For better or worse, it’s hard to make every thing said on these subjects in any one of the Confucian texts line up with Woodruff schema. (One reason for this is that these texts evolved internally over time.) Be this as it may, there’s definitely a similar set of inter-related ideas, for instance in the Mencius. Li and yi, jing and gong 恭, as well as ideas of deference and shame, are all inter-related and sometimes inter-defined. I suggest that when, following Mencius, one obeys an elder brother or defers to a parent, one is expressing respect that is rooted in reverence for the somewhat mysterious, awe-inspiring, and/or sacred notion of ancestors.

  4. The only clarity I’ll aim for here is the extent to which the Confucian worldview might be properly characterized as a “religious” or “spiritual” one. I’m not out to defend Fingarette’s take on matters, even if, in some sense, I’m inspired by his approach, nor will I attempt to clarify the meaning of “the holy” or “the sacred,” etc.

    It seems the character li, for Confucius, carried over its spiritual or religious connotations from its original or earlier reference to “rites of sacrifice.” The ceremonial or ritualistic character of acts of propriety or li performance is thought to originate in the first place with tian, as the sage-kings of old (not for nothing does Eno write that the ‘Ruist vision of Sagehood appears, in the final analysis, to be the bedrock of Ruist certainty’) were said to have imitated archetypal patterns or rhythms intrinsic to tian (which does not appear to be equivalent to the natural world but in some sense transcends it, although the rhythms and patterns of nature are a ‘part’ of tian), which constitutes or is emblematic of cosmic order and harmony (and thus reminiscent of rta in Vedic religion). Hence li connects with a metaphysical conception of the holy or sacred, and this by extension or implication reverberates throughout all proper li performance. For one example of how this is intrinsically related to jen, we might consider Kwong-loi Shun’s discussion in Van Norden, ed., Confucius and the Analects: New Essays, 2002:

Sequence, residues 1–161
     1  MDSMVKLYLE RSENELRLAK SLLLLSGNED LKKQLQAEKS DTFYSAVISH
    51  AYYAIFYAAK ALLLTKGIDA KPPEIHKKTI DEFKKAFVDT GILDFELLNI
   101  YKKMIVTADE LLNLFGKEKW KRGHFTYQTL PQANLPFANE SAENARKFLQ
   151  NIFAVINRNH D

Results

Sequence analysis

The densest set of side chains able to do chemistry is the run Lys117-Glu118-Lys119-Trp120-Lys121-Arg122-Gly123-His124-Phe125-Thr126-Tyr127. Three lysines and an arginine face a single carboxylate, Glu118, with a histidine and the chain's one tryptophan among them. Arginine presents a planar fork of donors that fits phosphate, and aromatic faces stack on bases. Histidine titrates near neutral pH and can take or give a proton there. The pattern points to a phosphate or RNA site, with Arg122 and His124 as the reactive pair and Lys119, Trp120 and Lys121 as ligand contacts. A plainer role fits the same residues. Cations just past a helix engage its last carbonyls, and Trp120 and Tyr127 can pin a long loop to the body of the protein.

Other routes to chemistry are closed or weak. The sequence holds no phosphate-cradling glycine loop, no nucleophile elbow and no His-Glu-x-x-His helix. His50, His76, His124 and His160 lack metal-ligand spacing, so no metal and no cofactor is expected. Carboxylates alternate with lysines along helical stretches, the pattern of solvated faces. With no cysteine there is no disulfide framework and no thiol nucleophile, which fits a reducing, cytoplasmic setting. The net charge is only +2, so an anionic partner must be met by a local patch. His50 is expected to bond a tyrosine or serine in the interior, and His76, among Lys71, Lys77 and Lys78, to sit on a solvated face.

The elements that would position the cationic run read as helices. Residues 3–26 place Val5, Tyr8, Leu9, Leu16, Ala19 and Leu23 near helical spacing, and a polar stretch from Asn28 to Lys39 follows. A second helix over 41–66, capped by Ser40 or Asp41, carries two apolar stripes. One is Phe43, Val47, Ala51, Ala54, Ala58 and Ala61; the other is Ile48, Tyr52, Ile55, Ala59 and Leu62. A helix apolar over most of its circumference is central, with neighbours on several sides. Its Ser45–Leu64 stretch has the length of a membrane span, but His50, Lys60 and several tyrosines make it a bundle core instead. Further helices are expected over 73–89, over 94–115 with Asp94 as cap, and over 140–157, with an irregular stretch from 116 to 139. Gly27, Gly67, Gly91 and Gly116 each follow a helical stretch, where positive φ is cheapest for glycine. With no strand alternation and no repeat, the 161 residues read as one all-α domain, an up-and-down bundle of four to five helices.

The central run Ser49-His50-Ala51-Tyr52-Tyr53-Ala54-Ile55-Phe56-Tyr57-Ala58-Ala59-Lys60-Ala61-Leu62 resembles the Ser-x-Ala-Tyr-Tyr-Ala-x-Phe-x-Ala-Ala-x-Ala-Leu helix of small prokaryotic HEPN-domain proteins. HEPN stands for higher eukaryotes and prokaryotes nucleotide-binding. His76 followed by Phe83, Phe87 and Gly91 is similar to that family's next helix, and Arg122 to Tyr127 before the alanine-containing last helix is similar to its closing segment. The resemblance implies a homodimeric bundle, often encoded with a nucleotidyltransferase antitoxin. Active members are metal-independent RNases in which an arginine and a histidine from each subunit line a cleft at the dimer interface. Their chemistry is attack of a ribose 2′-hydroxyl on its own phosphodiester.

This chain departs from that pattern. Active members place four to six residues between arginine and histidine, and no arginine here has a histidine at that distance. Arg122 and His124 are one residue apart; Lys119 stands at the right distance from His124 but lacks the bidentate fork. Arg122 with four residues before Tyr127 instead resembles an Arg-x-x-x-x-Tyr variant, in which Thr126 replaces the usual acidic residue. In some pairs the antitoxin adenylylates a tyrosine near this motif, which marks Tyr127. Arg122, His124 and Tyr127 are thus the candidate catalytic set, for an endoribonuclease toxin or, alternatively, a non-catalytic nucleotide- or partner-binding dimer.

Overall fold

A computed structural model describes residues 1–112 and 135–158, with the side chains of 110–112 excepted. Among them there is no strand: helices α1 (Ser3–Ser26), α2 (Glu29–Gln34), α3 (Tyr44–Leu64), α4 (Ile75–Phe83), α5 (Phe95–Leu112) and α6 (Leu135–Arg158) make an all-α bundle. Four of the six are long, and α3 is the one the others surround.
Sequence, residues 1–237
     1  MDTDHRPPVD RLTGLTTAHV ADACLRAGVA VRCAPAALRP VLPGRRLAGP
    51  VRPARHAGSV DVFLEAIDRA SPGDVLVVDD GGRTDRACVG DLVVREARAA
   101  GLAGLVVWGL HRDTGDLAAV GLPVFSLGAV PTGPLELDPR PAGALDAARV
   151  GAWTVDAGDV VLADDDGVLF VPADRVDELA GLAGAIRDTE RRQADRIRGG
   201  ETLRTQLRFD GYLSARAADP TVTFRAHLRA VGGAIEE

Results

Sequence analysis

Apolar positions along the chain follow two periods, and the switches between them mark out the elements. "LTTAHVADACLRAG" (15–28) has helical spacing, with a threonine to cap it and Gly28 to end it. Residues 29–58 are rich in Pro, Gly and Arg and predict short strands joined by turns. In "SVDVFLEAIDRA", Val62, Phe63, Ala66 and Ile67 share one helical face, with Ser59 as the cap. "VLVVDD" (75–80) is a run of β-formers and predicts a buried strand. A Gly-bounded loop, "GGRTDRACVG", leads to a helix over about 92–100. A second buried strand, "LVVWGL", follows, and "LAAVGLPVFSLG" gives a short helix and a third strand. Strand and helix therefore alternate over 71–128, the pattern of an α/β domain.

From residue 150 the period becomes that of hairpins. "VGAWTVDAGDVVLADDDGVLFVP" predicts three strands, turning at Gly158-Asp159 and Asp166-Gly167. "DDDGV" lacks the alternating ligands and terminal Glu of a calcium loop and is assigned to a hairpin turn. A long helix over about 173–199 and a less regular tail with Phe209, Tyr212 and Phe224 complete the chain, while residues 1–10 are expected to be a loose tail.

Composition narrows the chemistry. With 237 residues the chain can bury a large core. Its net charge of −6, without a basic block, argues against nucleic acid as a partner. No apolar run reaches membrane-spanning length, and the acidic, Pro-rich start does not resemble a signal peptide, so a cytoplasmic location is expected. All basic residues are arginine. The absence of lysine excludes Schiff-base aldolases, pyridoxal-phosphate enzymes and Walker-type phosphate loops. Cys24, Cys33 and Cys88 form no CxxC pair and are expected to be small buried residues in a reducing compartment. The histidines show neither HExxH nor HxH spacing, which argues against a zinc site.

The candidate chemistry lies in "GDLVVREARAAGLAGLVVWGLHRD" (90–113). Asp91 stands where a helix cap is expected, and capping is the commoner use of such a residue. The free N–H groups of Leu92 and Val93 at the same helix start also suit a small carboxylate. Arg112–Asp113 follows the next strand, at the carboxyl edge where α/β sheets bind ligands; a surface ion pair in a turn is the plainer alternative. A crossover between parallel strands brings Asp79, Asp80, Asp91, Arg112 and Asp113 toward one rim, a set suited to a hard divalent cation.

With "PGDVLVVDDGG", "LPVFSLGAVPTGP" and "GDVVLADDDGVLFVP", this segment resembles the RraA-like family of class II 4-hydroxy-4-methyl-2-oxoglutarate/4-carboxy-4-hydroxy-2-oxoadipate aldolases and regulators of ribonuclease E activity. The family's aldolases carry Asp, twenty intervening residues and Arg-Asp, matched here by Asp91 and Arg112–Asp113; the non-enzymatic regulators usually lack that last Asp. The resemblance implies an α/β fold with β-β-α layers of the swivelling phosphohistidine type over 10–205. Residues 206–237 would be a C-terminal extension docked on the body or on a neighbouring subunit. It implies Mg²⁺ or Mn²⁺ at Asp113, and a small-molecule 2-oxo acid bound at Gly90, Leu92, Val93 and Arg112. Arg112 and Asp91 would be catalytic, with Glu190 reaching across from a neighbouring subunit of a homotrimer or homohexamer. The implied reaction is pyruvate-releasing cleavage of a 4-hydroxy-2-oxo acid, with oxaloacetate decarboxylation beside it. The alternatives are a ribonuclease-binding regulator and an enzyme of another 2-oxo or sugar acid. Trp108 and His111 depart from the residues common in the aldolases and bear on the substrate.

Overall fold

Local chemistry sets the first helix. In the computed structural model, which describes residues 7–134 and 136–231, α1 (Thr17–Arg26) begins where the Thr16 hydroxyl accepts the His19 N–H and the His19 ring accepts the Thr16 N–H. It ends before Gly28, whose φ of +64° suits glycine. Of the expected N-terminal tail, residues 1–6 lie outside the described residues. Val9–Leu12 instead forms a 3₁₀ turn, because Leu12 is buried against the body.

“…[I]magine that, along with the expansion of the scope of li, the kind of emotional dispositions and attitudes associated with li have also broadened to include not just the attitude of indebtedness and reverence toward ancestors, but also various emotional dispositions and attitudes (such as respect for elders) directed toward other people with whom one’s relations are governed by traditional norms in the same kind of relation in which the attitude of indebtedness and reverence originally stood to sacrificial rites. Ren comprises this cluster of emotional dispositions and attitudes, and li, in the expanded sense, comprises the various norms that govern human conduct.”